CHICAGO — Some Chicago Public Schools teachers are refusing to return to classrooms Monday, fearful of coronavirus — and also afraid they’ll lose their job by defying the district and Mayor Lori Lightfoot.
CPS expects 5,800 teachers to return to the classroom Monday with the goal of having students begin to return to in-person learning Jan. 11. But the Chicago Teachers Union, which has criticized the district’s plan as unsafe for educators, students and their families, said some teachers will continue to work remotely.
It was not immediately clear Monday morning how many teachers were defying CPS’ plans and continuing to work from home. But during a CTU news conference, four teachers explained why they’re staying home — and several said the majority of educators at their schools were doing the same.
The teachers said they’re worried about coronavirus spreading at schools, endangering themselves, students and the schools’ families; they don’t think CPS’ plans will allow them to teach students; and they don’t think CPS has adequately cleaned and prepared to ensure students and staff will be safe at school.
“I am making this decision not for myself but for the safety of my students and their families,” said Linda Perales, a special education teacher at Daniel J. Corkery School who said she’ll keep doing virtual learning.
The majority of teachers at Corkery have signed a letter to the principal saying they’ll continue to work from home, Perales said.
CPS previously said teachers who refused to return for in-person learning could be fired. The CTU has said it will provide support to educators who want to keep working from home.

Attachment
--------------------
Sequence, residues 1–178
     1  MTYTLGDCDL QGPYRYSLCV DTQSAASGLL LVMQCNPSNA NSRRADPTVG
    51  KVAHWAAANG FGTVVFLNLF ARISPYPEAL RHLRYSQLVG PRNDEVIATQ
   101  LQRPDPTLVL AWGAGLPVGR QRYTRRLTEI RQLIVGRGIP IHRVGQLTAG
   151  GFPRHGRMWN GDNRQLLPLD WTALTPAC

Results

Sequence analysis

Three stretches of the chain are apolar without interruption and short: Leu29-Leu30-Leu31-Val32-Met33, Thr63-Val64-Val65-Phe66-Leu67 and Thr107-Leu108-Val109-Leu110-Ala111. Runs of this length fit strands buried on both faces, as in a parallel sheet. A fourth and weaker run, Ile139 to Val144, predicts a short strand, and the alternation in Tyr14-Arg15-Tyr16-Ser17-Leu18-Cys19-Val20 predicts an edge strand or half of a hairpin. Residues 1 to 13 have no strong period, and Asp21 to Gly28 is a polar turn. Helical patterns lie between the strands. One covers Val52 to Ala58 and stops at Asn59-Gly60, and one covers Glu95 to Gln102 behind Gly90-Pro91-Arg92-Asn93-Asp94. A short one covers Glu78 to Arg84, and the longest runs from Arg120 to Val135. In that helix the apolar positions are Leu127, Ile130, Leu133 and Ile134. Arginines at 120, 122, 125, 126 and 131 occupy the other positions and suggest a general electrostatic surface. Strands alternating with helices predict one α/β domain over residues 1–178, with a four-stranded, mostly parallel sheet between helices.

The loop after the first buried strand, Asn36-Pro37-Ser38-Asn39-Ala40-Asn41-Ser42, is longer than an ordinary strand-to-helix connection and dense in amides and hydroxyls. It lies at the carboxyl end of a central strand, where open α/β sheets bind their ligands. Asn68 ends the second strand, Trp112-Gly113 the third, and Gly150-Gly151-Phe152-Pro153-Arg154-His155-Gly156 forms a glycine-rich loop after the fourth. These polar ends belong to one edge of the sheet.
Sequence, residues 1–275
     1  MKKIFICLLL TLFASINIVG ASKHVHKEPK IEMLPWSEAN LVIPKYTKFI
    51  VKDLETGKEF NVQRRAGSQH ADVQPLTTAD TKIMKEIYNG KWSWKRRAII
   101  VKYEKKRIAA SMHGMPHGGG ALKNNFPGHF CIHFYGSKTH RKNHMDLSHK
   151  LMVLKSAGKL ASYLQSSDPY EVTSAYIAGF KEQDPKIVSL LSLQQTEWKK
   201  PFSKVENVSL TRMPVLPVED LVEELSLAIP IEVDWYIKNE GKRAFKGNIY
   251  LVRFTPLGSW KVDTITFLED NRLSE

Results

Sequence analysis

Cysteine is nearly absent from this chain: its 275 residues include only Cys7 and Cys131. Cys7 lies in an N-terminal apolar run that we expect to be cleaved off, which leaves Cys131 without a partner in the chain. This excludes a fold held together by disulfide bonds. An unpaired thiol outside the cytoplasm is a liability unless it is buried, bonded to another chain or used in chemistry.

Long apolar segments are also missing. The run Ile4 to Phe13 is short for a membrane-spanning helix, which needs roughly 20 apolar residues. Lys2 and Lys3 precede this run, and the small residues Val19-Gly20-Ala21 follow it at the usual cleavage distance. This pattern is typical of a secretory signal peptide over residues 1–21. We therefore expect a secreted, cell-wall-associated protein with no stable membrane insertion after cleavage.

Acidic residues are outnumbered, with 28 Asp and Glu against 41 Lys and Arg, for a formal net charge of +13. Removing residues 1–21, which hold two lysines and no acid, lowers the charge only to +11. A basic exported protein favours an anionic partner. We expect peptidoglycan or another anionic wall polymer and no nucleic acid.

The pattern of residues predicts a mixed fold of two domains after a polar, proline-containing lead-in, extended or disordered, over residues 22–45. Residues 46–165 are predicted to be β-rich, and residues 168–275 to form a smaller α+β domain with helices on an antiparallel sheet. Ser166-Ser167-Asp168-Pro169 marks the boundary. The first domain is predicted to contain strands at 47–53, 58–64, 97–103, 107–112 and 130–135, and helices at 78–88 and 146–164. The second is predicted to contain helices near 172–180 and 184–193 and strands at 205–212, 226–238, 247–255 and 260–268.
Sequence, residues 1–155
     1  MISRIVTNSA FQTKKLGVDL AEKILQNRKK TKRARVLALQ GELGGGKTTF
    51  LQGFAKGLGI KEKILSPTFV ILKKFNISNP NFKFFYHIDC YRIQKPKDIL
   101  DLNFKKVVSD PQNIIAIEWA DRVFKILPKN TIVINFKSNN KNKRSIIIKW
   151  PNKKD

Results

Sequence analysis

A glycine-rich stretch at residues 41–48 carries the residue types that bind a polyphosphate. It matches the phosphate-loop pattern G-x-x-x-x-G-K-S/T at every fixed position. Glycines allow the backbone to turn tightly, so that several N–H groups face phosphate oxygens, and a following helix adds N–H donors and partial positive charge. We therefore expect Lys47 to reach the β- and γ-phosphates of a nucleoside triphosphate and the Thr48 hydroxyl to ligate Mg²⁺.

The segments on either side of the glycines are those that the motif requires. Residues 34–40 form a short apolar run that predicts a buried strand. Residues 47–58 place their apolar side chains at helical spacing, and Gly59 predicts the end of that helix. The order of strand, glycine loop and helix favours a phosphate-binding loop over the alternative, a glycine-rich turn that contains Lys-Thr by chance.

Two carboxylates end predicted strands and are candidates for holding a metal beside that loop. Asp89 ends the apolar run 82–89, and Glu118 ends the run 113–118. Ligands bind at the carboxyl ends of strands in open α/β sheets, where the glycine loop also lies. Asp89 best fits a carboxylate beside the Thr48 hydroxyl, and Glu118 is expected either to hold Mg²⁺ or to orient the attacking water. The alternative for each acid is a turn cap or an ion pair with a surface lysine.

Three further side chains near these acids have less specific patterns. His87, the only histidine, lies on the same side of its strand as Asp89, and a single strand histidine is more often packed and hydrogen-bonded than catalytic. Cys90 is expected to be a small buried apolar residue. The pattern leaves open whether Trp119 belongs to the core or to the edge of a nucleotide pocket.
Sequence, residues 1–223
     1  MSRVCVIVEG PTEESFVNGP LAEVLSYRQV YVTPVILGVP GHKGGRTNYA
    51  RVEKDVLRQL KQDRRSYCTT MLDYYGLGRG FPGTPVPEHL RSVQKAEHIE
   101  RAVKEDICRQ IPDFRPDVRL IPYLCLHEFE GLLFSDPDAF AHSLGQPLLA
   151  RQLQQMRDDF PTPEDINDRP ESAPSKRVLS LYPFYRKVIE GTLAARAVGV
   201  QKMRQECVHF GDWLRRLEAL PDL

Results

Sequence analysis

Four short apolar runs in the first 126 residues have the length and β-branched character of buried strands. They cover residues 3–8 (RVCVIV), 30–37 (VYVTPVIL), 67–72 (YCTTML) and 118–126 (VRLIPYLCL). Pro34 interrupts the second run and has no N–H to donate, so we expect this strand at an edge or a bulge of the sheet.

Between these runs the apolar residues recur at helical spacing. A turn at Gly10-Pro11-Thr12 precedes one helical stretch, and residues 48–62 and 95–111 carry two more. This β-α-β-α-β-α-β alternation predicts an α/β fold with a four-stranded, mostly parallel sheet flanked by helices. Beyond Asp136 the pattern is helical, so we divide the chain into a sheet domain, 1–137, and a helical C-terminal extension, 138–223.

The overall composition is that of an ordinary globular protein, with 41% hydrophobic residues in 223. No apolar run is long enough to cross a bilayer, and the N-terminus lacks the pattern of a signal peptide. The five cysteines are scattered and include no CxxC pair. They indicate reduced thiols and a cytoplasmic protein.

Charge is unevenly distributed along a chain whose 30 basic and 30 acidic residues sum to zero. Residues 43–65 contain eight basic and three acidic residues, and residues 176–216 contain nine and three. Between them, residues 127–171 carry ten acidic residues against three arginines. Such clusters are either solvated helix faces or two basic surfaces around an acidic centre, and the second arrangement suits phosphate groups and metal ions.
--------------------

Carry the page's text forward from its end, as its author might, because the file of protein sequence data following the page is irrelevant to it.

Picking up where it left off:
“We’re afraid for our lives. We don’t want to lose our jobs,” said Lori Torres, a teacher in Logan Square with three children in CPS. “The fear of losing our jobs is real. Many of us are the sole income earners in our homes.
“But the threat of this virus is greater than that fear. And so, we’re staying out, and those of us who are in this second wave, we’re supporting those of you going in today or not.”
Despite pushback from the CTU and 32 aldermen over the weekend, CPS CEO Janice Jackson and Mayor Lori Lightfoot did not back down from their reopening plans.
At Vaughn Occupational High School in Portage Park Monday, Assistant Principal Stephanie Anderson said there wasn’t an abnormal number of sick calls.
“It’s maybe even less than what we’d have after a holiday,” she said.
‘It’s Not Reasonable’
Perales, who teaches speech to students, said she has safety concerns about CPS’ plans — but also thinks the district’s in-person rules learning simply wouldn’t work for teachers like her.
Perales demonstrated how she has to use her mouth to show her students how to pronounce letters, something they can’t do if her mouth is covered by a mask, as CPS is requiring teachers to do during in-person learning.
“… Is there any good part of the CPS reopening plan? My answer is no,” Perales said. “They need to see my mouth. … If I put a face mask on, and I’m teaching from the building … how are my kids going to learn their letters and their sounds? … It’s not reasonable. It’s not the best choice in order for our students to learn.”
Similarly, Quentin Washington, who teaches music at Sadlowski Elementary School, said his students won’t be able to play instruments while wearing masks, but they can keep playing and learning when learning remotely. He said CPS’ plans are “half-baked” and the district needs to talk to stakeholders and teachers before asking them to return to school buildings.